TechPresident points to and interesting article today from the Yale Journal of Law & Technology (draft version of article set to appear in 2008-2009 Fall Issue) that proposes a new form of open government that encourages the closure of government web sites. The idea is that US government web sites are so notoriously bad, they should just be torn down in favor of private sector alternatives. But this is more than just a privatization push, this is about turning the government into a data platform.
"Rather than struggling, as it currently does, to design sites that meet each end-user need, it should focus on creating a simple, reliable and publicly accessible infrastructure that "exposes" the underlying data," says the draft version of the article (emphasis theirs). In other words, the government should become a data platform, exposing their vast amounts of data to the public -- i.e., via API -- and let the private sector mash it up to make helpful services for people.
The authors say that an open government data platform would lead "toward an ecosystem of grassroots, unplanned solutions to online civic needs." Eventually, the authors think that data mashup tools will become so commonplace and easy to use that people will no longer need third parties help them consume the information they seek. Instead, they'll be able to tap into the open government data layer and create custom applications with it on their own time. Think: Dapper for government.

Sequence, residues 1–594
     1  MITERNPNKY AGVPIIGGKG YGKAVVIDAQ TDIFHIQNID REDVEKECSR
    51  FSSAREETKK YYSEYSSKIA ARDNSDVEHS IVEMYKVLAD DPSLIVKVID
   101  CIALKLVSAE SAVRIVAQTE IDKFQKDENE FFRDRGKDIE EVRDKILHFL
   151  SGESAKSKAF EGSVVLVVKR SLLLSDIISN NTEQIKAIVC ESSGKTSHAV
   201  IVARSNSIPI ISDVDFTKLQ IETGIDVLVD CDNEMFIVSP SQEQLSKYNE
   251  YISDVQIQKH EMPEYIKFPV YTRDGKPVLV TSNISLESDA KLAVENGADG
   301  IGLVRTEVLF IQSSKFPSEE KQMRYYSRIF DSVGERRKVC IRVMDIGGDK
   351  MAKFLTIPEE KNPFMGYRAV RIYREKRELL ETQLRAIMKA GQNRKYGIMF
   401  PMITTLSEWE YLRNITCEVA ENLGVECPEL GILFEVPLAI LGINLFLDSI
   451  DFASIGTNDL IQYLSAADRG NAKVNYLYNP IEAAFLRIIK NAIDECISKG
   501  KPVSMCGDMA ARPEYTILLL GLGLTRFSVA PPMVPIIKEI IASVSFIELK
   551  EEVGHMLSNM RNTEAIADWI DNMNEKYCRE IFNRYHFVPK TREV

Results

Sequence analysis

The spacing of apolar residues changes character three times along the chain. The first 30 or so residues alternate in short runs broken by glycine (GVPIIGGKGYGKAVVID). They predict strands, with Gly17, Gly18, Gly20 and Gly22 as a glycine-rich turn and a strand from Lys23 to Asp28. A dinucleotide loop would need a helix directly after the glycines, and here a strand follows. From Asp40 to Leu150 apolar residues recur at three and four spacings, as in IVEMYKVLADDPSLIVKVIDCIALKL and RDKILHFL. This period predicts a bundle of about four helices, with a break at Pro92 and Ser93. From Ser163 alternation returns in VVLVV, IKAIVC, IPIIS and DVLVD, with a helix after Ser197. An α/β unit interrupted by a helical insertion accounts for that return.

That's a compelling vision of the future of open government, and one that makes a lot of sense. The idea is something like CSS -- which separates the display code of a web site from the content. A government data platform would separate the content from the task of displaying it, which the commercial and non-profit spaces are likely better suited for than the government itself.
Better online access to government data is something that all three candidates still in the US presidential race support, though Barack Obama seems most receptive to a radical idea like this one, saying on his web site that he plans to make "government data available online in universally accessible formats to allow citizens to make use of that data to comment, derive value, and take action in their own communities."
Easy access to the massive amounts of government data would very probably lead to some compelling mashups and consumer services. We recently wrote about a new massive scale data mashup called PolicyMap that could likely benefit from something like this, for example. What do you think? Does a government data platform make sense? Should the government get out of the web site development business? Let us know in the comments.